Travels outside of Punjab
Dr. Amarjit Singh, director of the Guru Granth Sahib Department at Guru Nanak Dev University in Amritsar, said the guru spent four years travelling up to Dhaka in Bangladesh and up to Puri in Odisha after establishing his headquarters at present-day Anandpur Sahib in 1665. He also paid visits to Mathura, Agra, Benares, Allahabad, and Patna, where he entrusted his wife and brother to local devotees. Guru Gobind Singh was born in the city of Patna in the year 1666.
Raja Ram Singh requested the guru’s assistance in brokering a ceasefire with the Ahom ruler while the guru was on his way back from Dhaka. This peace agreement is commemorated at Gurdwara Dhubri Sahib on the banks of the Brahmaputra.
According to historians, the guru returned to Punjab after learning of the Mughals’ mounting crimes.
The martyrdom of the guru
Kirpa Ram, a Kashmiri Brahmin, approached the guru at Anandpur Sahib, seeking his protection with a party from the Valley. Local chieftains had warned Das to convert or risk retaliation, Das told Guru Tegh Bahadur. Das and his crew were assured of the guru’s security, and the guru instructed them to inform the Mughals that they should first attempt to convert the guru.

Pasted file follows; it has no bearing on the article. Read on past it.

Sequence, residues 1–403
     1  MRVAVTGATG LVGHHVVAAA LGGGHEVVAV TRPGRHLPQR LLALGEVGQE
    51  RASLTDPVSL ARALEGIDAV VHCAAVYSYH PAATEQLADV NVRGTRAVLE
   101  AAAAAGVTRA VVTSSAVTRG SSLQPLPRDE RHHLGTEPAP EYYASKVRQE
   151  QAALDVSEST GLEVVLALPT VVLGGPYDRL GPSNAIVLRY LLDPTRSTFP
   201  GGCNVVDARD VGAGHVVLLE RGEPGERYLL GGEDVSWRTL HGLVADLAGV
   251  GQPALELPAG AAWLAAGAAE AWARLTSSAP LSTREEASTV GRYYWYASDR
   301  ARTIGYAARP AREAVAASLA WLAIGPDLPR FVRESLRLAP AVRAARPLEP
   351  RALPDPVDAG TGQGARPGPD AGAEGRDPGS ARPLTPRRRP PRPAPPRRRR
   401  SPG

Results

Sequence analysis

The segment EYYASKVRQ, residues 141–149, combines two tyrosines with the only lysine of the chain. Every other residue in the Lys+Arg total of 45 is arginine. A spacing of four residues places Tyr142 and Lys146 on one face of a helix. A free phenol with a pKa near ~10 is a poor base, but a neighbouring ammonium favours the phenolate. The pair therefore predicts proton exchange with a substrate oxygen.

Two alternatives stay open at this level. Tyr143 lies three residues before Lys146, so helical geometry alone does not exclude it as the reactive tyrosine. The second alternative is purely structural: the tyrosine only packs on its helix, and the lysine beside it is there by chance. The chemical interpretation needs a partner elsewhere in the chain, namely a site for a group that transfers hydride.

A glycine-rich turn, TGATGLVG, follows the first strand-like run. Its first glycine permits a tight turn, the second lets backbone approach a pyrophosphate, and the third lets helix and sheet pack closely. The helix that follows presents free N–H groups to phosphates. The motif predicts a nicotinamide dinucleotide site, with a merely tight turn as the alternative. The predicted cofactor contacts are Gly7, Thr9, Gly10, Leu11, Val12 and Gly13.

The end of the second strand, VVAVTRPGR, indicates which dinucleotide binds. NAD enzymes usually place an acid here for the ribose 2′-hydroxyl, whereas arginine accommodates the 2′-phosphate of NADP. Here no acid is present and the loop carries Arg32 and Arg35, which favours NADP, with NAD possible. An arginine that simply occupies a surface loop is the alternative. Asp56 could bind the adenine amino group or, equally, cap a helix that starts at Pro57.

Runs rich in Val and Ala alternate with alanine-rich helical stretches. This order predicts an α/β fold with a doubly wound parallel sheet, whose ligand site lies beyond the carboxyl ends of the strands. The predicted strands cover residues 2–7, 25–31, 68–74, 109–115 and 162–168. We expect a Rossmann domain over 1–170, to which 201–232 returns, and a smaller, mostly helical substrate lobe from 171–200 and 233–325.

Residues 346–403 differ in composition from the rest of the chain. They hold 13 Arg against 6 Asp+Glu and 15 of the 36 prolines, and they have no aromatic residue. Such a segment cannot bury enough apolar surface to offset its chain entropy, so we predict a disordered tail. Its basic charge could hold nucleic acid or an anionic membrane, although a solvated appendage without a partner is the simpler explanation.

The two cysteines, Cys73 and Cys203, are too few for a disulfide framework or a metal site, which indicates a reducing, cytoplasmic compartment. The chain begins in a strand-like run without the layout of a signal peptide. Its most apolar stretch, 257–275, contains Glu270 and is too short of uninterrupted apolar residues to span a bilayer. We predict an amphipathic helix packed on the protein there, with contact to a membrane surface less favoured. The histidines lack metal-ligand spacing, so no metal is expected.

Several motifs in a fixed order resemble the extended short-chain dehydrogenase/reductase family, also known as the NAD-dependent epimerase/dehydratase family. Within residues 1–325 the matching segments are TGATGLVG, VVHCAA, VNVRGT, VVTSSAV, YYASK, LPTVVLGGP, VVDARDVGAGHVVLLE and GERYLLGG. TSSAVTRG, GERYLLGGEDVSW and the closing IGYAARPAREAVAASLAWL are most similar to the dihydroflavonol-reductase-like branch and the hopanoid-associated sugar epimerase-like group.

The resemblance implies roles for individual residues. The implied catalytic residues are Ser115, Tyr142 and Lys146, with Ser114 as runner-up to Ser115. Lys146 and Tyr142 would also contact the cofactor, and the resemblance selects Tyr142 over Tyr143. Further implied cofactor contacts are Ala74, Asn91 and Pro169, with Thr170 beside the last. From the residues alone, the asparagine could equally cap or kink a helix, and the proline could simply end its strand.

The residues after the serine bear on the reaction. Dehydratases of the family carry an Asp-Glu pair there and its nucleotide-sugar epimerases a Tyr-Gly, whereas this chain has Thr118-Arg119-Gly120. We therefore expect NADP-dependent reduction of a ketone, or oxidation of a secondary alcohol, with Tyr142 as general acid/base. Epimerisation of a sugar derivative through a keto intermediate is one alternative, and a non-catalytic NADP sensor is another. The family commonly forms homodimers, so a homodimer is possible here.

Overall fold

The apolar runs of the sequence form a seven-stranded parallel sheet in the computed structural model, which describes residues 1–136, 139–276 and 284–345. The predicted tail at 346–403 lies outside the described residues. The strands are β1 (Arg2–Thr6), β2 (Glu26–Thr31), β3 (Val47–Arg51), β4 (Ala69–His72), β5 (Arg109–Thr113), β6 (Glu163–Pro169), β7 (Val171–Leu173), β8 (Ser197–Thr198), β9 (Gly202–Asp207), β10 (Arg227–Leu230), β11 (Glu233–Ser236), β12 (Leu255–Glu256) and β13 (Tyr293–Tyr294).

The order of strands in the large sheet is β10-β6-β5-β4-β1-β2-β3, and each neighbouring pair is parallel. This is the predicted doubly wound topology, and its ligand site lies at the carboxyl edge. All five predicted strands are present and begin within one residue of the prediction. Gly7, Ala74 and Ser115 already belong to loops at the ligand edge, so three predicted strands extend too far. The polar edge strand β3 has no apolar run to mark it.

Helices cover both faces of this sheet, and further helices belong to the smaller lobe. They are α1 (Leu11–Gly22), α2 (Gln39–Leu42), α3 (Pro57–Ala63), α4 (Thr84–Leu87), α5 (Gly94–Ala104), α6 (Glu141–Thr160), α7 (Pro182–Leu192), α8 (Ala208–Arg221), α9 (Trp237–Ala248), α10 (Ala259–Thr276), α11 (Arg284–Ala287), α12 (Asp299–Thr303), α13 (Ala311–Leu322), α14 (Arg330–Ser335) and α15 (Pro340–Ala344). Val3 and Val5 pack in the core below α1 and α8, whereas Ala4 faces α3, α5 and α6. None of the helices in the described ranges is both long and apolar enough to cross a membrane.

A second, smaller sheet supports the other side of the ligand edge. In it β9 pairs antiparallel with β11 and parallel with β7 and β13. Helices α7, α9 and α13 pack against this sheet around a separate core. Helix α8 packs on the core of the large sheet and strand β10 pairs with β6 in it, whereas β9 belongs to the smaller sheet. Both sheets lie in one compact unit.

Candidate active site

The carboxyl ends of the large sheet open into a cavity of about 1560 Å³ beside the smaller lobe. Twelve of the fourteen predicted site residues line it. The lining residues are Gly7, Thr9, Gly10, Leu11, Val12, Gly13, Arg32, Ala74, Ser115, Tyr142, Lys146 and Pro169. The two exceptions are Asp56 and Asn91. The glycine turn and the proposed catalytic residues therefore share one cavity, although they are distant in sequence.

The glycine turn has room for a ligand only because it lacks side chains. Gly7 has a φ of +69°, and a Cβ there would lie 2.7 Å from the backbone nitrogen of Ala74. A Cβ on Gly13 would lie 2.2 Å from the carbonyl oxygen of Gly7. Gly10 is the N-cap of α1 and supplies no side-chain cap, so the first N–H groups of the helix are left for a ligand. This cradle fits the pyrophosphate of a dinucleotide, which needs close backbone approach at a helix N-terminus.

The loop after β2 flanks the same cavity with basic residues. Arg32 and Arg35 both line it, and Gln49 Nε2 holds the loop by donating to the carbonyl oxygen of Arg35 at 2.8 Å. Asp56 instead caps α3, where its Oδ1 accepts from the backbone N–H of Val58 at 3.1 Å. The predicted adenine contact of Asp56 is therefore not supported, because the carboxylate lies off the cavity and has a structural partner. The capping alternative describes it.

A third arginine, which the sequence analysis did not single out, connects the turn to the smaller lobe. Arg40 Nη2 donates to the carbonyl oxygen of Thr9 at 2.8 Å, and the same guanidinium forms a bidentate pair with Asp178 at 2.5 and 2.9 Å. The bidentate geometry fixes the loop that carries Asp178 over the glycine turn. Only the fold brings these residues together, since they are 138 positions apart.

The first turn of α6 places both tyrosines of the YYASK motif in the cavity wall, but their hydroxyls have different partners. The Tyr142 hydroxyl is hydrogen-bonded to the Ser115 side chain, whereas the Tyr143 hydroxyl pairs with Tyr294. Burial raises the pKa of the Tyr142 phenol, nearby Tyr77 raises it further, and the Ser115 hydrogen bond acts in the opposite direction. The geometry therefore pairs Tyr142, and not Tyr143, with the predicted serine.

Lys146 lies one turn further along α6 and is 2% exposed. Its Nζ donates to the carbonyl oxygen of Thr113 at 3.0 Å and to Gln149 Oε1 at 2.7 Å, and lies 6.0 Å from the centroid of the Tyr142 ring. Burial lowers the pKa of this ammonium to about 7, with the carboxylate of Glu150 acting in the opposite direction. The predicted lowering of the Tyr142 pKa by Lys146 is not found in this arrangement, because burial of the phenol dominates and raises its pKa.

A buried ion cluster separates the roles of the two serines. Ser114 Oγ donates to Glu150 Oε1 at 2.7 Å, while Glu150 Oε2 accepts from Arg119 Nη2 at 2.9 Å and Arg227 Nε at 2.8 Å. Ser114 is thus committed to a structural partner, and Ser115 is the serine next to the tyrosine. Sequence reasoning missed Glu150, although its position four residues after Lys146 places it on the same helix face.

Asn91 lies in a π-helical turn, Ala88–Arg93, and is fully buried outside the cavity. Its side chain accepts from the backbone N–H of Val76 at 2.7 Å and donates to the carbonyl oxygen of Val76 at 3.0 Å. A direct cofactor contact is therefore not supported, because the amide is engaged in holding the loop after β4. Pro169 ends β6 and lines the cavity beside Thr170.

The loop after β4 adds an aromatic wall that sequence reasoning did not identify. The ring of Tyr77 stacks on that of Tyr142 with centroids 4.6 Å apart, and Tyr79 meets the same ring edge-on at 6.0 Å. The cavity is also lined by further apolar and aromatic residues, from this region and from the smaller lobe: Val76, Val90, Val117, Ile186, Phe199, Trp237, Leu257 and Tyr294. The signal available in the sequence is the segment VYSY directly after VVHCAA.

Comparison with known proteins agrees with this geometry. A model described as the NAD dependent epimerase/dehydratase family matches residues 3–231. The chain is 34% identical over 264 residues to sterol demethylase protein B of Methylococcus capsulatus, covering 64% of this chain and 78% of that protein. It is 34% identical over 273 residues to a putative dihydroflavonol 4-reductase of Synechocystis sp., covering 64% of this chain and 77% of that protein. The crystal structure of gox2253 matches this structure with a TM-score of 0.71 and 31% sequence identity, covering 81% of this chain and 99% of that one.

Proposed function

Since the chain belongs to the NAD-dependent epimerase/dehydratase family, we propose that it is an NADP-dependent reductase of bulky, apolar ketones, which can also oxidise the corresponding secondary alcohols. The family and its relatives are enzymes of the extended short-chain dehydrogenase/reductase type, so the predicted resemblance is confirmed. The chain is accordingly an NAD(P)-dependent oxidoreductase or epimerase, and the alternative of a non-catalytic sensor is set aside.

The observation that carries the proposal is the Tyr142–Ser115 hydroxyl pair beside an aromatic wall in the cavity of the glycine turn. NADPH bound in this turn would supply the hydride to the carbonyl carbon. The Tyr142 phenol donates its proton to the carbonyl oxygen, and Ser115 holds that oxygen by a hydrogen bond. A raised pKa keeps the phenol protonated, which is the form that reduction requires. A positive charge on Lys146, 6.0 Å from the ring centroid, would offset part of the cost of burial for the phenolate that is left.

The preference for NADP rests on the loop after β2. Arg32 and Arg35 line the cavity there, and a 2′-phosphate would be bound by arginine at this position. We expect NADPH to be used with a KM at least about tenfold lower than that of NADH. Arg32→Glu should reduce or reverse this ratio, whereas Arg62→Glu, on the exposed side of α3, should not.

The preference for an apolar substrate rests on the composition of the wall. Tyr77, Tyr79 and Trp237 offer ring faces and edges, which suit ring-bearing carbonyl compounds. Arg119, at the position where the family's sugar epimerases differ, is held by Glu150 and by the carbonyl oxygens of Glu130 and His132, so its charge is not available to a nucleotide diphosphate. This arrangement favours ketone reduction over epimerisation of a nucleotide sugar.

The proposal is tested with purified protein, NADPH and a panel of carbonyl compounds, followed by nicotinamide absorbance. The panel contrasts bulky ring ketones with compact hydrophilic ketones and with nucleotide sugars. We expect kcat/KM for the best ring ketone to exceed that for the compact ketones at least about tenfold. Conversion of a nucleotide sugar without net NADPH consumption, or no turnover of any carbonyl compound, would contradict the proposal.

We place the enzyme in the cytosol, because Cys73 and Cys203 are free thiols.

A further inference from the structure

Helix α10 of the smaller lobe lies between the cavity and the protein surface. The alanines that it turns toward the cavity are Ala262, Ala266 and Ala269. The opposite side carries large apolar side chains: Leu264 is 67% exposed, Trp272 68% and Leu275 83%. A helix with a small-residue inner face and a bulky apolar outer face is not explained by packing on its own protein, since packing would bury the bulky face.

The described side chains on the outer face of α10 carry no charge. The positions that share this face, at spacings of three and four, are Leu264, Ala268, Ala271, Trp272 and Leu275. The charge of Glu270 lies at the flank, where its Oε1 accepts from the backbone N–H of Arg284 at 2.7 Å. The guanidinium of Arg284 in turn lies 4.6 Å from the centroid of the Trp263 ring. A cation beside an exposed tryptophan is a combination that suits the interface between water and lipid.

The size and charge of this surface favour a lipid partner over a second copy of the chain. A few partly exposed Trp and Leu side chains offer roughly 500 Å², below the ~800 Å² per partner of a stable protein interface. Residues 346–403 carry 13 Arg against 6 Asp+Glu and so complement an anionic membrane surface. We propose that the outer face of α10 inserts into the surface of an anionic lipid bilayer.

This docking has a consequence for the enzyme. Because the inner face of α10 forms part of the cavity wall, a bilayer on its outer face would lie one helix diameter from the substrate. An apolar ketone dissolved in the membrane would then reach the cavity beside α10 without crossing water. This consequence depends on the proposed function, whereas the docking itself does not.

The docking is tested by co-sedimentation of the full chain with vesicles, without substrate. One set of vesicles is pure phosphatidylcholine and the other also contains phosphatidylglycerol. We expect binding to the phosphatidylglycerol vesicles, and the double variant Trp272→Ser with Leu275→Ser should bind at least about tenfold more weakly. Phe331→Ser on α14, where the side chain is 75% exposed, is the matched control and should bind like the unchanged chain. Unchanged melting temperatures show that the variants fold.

This was seen by Aurangzeb as an open threat to his power. According to Sri Gur Bilas Patshahi Dasmi, a 1797 biography of Guru Gobind Singh penned by Kavi Sukha Singh, the guru travelled to Delhi to confess his identity and was captured by the Mughals.
Sardar Kapur Singh, a historian, said in a paper titled ‘Who Killed Guru Tegh Bahadur?’ that Aurangzeb ordered the guru’s public death on November 11, 1675 after he refused to join Islam.
He and his three comrades, Bhai Mati Das, who was ripped apart, Bhai Sati Das, who was burned to death, and Bhai Dyala ji, who was thrown in boiling water, were tortured to death and decapitated in Chandni Chowk. They were urged to alter their views to the very end, but they refused. Gurdwara Sis Ganj was established on the spot where they were killed in 1784.
Guru Gobind Singh, the tenth guru who formed the Khalsa, wrote in Vichitra Natak about his father: ‘’Dharam het saka jin kiya, sees diya par sir nahin diya (He sacrificed his life for dharma, he gave up his head but not his honour).”